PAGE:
cd ~/linux
make -j4 Image dtbs modules

After the build completes, the kernel will be at ~/linux/arch/arm64/boot/Image, and the device tree blob will be at ~/linux/arch/arm64/boot/dts/marvell/armada-8040-mcbin.dtb.

Extract Ubuntu Bionic RootFS

The instructions below are similar to what's on the MacchiatoBin Wiki. However, A few more steps are added since we're working with newer versions of the kernel and Ubuntu.

cd ~
mkdir ubuntu_18.04
cd ubuntu_18.04
mkdir temp
sudo mount -o loop ubuntu-18.04-server-arm64.iso temp/
ls temp/install/
sudo unsquashfs -d rootfs/ temp/install/filesystem.squashfs
ls rootfs/

The Ubuntu Bionic RootFS will be present in ~/ubuntu_18.04/rootfs/.

Remove Root Password from RootFS

Edit the file ~/ubuntu_18.04/rootfs/etc/passwd. Remove the 'x' in between 'root:' and ':0'. It should look like the below once the change is made.

mcbin@buildserver:~/ubuntu_18.04$ cat ./rootfsetc/passwd
[truncated output]

Network Setup

Ubuntu 18.04 uses Netplan for configuring network interfaces. Create the file ~/ubuntu_18.04/rootfs/etc/netplan/01-netcfg.yaml and place the following inside of it.

  version: 2
  renderer: networkd
      dhcp4: true
        search: [XXXX]
        addresses: [YYY, ZZZ]

The nameservers block isn't always required. However, if the default search domain and addresses are known, enter them. Otherwise, remove this block.

Note, eth2 is the 1GbE (RJ45) interface.

Create The Final Tar With Kernel, Device Tree, And Modules

Copy the kenel image (Image) and device tree (armada-8040-mcbin.dtb) to ~/ubuntu_18.04/rootfs/boot/.

sudo cp ~/linux/arch/arm64/boot/Image ~/ubuntu_18.04/rootfs/boot
sudo cp ~/linux/arch/arm64/boot/dts/marvell/armada-8040-mcbin.dtb ~/ubuntu_18.04/rootfs/boot

Install the modules.

cd ~/linux
sudo make modules_install INSTALL_MOD_PATH=/home/user_name/ubuntu_18.04/rootfs/

Tar the RootFS with kernel, device tree and modules installed.

cd ~/ubuntu_18.04
sudo tar -cjvf rootfs.tar.bz2 -C rootfs/ .

At this point, the RootFS image is ready for untaring onto a storage device for booting. Refer to the MacchiatoBin Wiki for booting off a storage device. Note that the instructions focus on SD cards and USB storage devices, but it's easy to adapt these for booting off a SATA device. The Uboot base command for SATA devices is scsi as opposed to mmc and usb for SD card and USB storage devices respectively.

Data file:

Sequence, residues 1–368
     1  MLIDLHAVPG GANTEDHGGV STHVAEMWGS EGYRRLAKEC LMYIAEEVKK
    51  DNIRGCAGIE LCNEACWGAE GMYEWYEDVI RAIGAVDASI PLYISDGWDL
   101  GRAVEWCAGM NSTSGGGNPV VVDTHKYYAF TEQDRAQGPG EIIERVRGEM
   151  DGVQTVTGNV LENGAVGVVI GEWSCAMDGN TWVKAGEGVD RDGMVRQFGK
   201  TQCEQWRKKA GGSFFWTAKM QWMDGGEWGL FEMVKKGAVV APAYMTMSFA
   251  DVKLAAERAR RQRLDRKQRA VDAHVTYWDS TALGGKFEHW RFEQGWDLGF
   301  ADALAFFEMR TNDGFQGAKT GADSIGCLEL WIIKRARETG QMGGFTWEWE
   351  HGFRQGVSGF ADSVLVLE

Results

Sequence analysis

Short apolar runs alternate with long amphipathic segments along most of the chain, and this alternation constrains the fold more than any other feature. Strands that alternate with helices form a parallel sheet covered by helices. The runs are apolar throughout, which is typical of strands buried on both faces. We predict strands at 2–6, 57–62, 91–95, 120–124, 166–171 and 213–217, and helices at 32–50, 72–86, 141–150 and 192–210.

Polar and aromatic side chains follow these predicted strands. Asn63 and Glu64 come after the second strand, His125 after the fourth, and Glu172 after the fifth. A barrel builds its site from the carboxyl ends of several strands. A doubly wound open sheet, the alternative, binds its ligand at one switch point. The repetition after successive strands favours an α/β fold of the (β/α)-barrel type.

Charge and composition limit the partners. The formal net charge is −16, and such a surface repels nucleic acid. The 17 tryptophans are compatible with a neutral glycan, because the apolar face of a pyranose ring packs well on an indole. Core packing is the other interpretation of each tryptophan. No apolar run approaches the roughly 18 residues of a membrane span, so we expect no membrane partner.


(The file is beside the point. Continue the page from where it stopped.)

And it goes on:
Ethernet PHY Workaround For Upstream Kernels

As of the writing of this post, the latest network drivers has a bug with respect to the eth2 PHY. When Ubuntu boots, the Ethernet driver does not turn on the PHY. This will result in no network connectivity. The work around to get the PHY turned on is to force it on in Uboot before OS boot. To force it on, add the Uboot dhcp command at the beginning of the Uboot bootcmd variable. Instructions on how to configure the bootcmd variable is on the MacchiatoBin Wiki. Here's an example of what our bootcmd looks like for booting off a SATA disk.

bootcmd=dhcp; scsi scan; scsi dev 0; ext4load scsi 0:1 $kernel_addr $image_name;ext4load scsi 0:1 $fdt_addr $fdt_name;setenv bootargs $console root=/dev/sda1 rw rootwait; booti $kernel_addr - $fdt_addr

Note, this is not an issue for the Marvell custom 4.4.x kernel.

Verify Docker & Docker Swarm

Now that the upstream kernel is booting with Ubuntu, try a few tests to verify that Docker is functioning properly.

Test Docker Containers & Basic Networking

Launch a standalone container and run apt update to check network connectivity through the Docker bridge.

marvell@macchiato-0:~$ docker run -ti ubuntu:18.04 bash
root@80e90b5d0a05:/# apt update
Get:1 bionic InRelease [242 kB]
Get:2 bionic-updates InRelease [88.7 kB]
Get:3 bionic-backports InRelease [74.6 kB]